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New releases : 28th July

Three new releases this week.

First of is Z man’s deluxe upgrade of the classic Tales of the Arabian Nights. If you have reserved a copy or pre-ordered it’s here on Tuesday, unfortunately I have sold out of my pre-order allocation. I will be getting some more on the 3rd of August, and am now accepting pre-orders for those.

The second is the long awaited Tulip Mania 1637.This debut design from noted game reviewer Scott Nicholson looks like a clever market manipulation game.

The third is RAF lion versus Eagle, an update of the classic solitaire game. This version allows for 2 player games as well as solitaire.

Added to the import section are 2 games from Japon Brand.

Cheaty Mages, a game where you control mages controlling fighting monsters – and employing some leger-demain to get your monster to the top. Gorgeous art work and English rules.

Robo-Tory, a two player abstract from R-eco, Fairy Tale and Traders of Carthage designer Susumu Kawasaki. Between me ordering and receiving the games Asmodee have announced they are releasing a ‘smart’ version of Robo-Tory. Such are the risks I take when importing games….

Other additions include Tiki Topple from the Schmidt Spiel Easy play line, Keltis Kartenspiele and Hoellenhaus.

Re-stocks include the sublimely silly Fluch der Mumie, Incan Gold (the Sunriver version) , Stone Age ,Acquire and the 5th expansion for the World Cup Game.

On the playing side, apart from an excellent prototype from Nigel Buckle (Incidentally now Tulip Mania has been published Ascendancy is one away from the top of the production queue at JKLM, behind Tinner’s Trail) I have mainly been delving into older Euro games, Stefan Feld’s Notre Dame and In the Year of the Dragon , Goa , Ra and my favourite horse racing game - Winner’s Circle.

Ra has been reprinted in Germany so I guess it’s likely to be getting an English reprint soon. If you are desperate to get hold of a copy I will happily import one. Another classic that has been out of print in English for some times is Princes of Florence. I am planning on importing a few German versions as it’s a game I’m often asked for and no English reprint seems to be on the horizon.

New Releases : 21 July 2009

New releases are thin on the ground and include:-

Midevil Deluxe – it includes the base set and two expansions for the game that starts where Zombies left off.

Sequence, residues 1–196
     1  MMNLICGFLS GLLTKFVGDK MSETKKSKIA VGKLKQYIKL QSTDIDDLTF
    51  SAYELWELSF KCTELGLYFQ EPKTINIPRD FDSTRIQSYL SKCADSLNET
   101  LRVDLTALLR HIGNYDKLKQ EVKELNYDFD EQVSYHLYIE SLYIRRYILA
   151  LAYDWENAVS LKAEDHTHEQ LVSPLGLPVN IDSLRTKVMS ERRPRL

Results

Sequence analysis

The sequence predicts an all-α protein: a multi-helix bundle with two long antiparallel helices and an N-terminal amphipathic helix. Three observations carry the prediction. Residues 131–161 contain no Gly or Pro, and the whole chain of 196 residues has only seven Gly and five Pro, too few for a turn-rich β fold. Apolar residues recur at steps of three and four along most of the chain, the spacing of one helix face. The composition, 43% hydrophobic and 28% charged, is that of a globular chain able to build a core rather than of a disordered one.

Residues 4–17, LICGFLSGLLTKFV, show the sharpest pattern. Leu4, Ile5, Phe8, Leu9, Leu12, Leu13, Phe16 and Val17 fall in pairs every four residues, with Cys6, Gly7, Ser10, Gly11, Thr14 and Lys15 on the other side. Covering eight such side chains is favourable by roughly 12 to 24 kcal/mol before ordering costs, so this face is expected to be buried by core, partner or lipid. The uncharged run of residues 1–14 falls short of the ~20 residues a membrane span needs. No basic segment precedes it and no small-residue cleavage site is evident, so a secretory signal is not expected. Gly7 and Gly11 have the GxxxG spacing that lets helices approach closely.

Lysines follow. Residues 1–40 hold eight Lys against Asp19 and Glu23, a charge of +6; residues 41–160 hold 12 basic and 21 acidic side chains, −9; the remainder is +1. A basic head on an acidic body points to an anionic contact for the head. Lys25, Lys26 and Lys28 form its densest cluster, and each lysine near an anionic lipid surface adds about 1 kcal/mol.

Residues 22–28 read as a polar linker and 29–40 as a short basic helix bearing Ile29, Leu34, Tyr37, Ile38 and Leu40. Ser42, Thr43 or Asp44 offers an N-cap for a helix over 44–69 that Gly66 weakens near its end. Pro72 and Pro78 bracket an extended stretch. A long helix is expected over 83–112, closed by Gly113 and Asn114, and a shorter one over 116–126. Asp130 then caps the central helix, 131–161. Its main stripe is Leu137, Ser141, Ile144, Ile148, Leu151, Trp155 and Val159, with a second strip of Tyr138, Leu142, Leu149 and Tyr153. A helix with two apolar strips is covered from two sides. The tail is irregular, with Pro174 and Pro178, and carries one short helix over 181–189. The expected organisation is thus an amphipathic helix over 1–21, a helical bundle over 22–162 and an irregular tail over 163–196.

The second new release is The Hell of Stalingrad – a card game that recreates the …you got it.

Tales of the Arabian Nights is now due next week – I will put it on the shop as a preorder when i am 100% certain of the date. It will be £35.99.

Re-stocks include

All of the Pitch car expansions.

And a re-stock of the fantastic Warriors of God – I don’t expect this to last beyond the end of the week and there are no more at the distributors.

From Germany I have had a re-stock of Fauna (according to the ‘Geek an English language version is about 9 months away), Perry Rhodan and Burgen-land.

Later in the week I am hoping to see a re-stock of Fluch der Mumie, 6 Nimmt! and Im Reich der Wüstensöhne and some new additions to the range including games from Japon Brand. They should be on the website later this week.

I have not had too much time for playing games this week as I have been fitting shelves to expand the stock room. I now have the space for a much wider range and welcome any suggestions for games you would like to see boardgameguru stock.

I have been playing a lot of Uruk: Wiege der Zivilsation at lunch time. Fun and frustrating – my colleague Alec beat me every time we played. Alec has reviewed Mecanisburgo for Tom Vassel’s Dice Tower Podcast, I’m hoping his next one will be of the excellent Hexer Von Salem (hint hint Alec)

Best wishes and happy gaming all


New Releases : 14 July 2009

Most of the new the new releases this week are party games – it’s all about cracking open a party seven and putting aside the heavy stuff aside.( Note to self – must let Automobile sit on shelf for more than three days ….)

The first is ‘Gambit 7’, the rather uninspiring named ‘Commonwealth’ version of ‘Wits & Wagers’. I hope this is as good as the original, with a Lamont brother credited as a designer it promises to be good. ‘Wits and Wagers’ is the only game I have managed to get all my family (ages spanning nine decades) to play together. If you can guess which decade the person who thought ‘The Muppets’ was first aired on TV in 1856 it pays odds of 2 to 1……

The second is Tumblin’Dice (in a full and a medium sized portable version). This game sees 2 -4 players flicking or rolling dice on to scoring points on an attractive board.

Third is the fourth expansion for PitchCar – the ‘stunt car’ expansion adds a third dimension to the basic set.

Last of the party releases is ‘Are you the Traitor?’ from Looney Labs, a magical game of bluffing and deception.

There are also a couple of more serious games released this week.

The English language edition of ‘Sherwood Forest’ from Rio Grande will be with us next week.

And ‘Livingstone’ is released in an English edition by Playroom entertainment. I also have a few of the German (totally language independent) version from Schmidt Spiele left at a bargain price of. £19.99.

I have played Livingstone a few times – it shines as a game played with youngsters – they love the ‘Thebes’ like treasure bag.

‘Tales of the Arabian Nights’ is scheduled for release on Tuesday 21st July. It will be available for pre-order from the middle of next week.

Musings on Steam and it's cousins

Boardgamers and trains seem to go together like ...train spotters and platforms. We do love a train game - all the way from Ticket to Ride to 18xx. I thought i had the train part of my collection sorted - Age of Steam, Railroad Tycoon, Ticket to Ride ,Steel Driver, Chicago Express, Canal Mania and Jet Set (the last two are train games masquerading as other forms of transport and 18xx a bit beyond me).